Contrary to the two other major Augustan writers who discussed the origins of Rome, Vergil's Roman prehistory centers on the presence of Evander. An involuntary exile from the East (Greek Arcadia) who settled in Latium and instilled civilization and laws among the Italians, Evander is a duplicate of Aeneas, a cultural ancestor and a model of leadership. Aeneas is instructed by the deities of Italy (Tiberinus) to pay a visit to Pallanteum, Evander's capital and the primordial site of Rome, in order to learn about the past and receive instructions about the future. His tour of proto-Rome, led by Evander, carries Aeneas through a series of monuments that span through Rome's entire history. Aeneas is guided to follow Evander's example, and Vergil, urging reevaluation of widespread anti-Hellenic prejudices, prominently underscores the seminal contribution of Greece to the cultural and political origins of Rome.
The Theatre of Justice contains 17 chapters that offer a holistic view of performance in Greek and Roman oratorical and political contexts. This holistic view consists of the examination of two areas of techniques. The first one relates to the delivery of speeches and texts: gesticulation, facial expressions and vocal communication. The second area includes a wide diversity of techniques that aim at forging a rapport between the speaker and the audience, such as emotions, language and style, vivid imagery and the depiction of characters.
In this way the volume develops a better understanding of the objectives of public speaking, the mechanisms of persuasion, and the extent to which performance determined the outcome of judicial and political contests.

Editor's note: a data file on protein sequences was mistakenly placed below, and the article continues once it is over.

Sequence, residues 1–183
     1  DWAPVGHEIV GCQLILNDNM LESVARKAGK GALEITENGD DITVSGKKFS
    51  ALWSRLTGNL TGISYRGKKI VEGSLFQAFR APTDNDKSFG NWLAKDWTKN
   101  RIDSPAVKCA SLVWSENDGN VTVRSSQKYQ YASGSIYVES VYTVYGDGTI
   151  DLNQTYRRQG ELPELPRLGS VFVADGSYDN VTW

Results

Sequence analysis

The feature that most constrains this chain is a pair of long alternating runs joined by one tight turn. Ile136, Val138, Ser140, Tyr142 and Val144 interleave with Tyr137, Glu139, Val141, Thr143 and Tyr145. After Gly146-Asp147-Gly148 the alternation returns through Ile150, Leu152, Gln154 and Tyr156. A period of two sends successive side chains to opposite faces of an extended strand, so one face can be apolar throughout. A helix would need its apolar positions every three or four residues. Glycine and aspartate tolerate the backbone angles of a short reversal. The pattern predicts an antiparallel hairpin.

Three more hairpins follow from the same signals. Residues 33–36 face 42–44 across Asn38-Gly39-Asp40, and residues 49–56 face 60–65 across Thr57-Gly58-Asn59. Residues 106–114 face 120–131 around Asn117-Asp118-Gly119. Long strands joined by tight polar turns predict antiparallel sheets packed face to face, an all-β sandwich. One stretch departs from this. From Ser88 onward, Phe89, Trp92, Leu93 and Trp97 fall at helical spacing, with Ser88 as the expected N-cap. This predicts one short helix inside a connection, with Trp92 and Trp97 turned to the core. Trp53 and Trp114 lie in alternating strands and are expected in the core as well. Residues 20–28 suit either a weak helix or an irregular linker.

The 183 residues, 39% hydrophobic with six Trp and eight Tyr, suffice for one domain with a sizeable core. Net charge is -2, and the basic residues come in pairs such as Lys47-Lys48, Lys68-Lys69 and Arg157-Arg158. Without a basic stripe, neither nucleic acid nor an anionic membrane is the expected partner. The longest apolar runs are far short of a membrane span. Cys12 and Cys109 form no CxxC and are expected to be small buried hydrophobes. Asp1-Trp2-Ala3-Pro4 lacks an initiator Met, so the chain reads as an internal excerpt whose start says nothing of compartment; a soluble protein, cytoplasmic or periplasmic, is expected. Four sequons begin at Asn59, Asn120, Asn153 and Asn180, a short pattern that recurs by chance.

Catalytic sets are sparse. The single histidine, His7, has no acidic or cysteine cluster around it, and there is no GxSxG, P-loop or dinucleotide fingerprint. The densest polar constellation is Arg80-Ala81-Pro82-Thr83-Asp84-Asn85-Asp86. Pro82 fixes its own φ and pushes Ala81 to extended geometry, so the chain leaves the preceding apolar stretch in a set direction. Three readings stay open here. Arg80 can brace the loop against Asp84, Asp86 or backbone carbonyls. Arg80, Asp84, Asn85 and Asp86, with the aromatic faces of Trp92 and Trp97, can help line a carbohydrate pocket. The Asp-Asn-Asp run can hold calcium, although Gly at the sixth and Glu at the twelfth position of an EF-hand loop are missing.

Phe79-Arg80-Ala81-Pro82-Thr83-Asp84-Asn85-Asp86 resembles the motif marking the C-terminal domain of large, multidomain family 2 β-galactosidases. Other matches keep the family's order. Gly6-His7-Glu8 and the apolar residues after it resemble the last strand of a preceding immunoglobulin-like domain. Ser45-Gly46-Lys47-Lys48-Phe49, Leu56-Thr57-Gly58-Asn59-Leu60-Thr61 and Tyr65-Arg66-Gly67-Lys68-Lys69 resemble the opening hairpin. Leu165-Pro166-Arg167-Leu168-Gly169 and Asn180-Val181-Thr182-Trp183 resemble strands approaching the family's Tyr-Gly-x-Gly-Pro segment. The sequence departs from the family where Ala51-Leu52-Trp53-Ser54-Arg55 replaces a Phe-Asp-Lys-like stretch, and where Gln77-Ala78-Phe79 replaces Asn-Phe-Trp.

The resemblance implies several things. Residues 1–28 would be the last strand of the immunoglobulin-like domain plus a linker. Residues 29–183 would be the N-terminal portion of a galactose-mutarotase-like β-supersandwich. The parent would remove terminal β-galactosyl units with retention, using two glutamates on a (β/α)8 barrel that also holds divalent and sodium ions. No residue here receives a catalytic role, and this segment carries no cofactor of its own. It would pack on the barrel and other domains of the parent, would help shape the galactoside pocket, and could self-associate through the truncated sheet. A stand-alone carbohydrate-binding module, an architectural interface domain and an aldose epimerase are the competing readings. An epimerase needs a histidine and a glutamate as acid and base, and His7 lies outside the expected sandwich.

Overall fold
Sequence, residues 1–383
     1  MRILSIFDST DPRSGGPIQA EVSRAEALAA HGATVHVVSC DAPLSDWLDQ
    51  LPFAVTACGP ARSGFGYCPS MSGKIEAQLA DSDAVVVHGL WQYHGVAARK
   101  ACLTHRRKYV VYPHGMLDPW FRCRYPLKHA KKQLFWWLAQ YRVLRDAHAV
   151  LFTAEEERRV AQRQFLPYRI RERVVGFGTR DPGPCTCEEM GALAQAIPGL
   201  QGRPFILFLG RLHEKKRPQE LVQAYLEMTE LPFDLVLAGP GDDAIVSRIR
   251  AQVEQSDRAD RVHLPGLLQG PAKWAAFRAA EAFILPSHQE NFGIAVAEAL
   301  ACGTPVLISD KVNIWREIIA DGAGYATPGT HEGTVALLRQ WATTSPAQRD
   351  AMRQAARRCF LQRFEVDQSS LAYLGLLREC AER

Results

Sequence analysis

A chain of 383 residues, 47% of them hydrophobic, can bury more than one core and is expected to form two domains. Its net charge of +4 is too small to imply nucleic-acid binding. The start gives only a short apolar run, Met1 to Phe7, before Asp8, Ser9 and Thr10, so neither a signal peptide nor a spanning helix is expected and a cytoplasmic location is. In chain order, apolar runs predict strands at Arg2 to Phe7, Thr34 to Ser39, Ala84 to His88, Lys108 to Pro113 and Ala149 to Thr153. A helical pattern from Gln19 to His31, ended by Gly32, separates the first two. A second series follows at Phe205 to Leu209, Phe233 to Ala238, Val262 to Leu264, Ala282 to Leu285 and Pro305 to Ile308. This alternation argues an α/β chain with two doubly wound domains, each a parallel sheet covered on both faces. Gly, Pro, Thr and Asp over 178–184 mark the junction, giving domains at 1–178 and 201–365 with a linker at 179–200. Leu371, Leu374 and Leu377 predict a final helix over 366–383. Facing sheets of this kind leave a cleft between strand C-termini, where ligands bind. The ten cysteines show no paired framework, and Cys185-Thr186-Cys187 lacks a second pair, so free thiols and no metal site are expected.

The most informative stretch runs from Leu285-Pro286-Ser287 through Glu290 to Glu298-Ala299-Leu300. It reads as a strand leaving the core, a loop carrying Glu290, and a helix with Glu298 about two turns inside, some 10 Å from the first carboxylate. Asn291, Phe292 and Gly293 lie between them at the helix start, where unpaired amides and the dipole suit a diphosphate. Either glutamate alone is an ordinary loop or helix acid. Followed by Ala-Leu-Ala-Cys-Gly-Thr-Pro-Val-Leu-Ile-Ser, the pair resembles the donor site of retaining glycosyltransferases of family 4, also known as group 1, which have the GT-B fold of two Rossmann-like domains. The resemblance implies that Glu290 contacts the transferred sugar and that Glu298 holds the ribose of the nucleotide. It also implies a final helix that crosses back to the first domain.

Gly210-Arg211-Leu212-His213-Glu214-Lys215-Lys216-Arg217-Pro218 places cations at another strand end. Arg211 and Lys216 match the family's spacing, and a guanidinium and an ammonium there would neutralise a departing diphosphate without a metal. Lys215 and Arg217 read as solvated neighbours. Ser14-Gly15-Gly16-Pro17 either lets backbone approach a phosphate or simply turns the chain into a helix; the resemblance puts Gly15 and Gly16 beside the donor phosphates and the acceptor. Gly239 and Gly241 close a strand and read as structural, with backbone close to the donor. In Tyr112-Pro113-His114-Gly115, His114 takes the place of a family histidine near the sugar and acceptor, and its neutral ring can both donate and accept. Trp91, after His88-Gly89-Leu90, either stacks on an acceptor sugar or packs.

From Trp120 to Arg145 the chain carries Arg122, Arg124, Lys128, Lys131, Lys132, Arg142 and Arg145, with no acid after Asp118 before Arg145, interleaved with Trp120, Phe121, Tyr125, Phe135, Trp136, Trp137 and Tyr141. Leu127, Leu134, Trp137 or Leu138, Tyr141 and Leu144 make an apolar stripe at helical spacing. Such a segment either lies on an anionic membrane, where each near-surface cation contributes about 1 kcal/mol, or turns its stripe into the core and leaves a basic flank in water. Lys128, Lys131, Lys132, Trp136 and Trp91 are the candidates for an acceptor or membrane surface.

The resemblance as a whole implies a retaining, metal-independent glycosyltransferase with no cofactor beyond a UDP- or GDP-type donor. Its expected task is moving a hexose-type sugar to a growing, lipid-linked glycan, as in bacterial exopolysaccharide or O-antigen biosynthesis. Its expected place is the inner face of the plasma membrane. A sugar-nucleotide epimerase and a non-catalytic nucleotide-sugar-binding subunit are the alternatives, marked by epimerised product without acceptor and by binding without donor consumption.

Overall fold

Persuasion has long been one of the major fields of interest for researchers across a wide range of disciplines. The present volume aims to establish a framework to enhance the understanding of the features, manifestations and purposes of persuasion across all Greek and Roman genres and in various institutional contexts. The volume considers the impact of persuasion techniques upon the audience, and how precisely they help speakers/authors achieve their goals. It also explores the convergences and divergences in deploying persuasion strategies in different genres, such as historiography and oratory, and in a variety of topics. This discussion contributes towards a more complete understanding of persuasion that will help to advance knowledge of decision-making processes in varied institutional contexts in antiquity.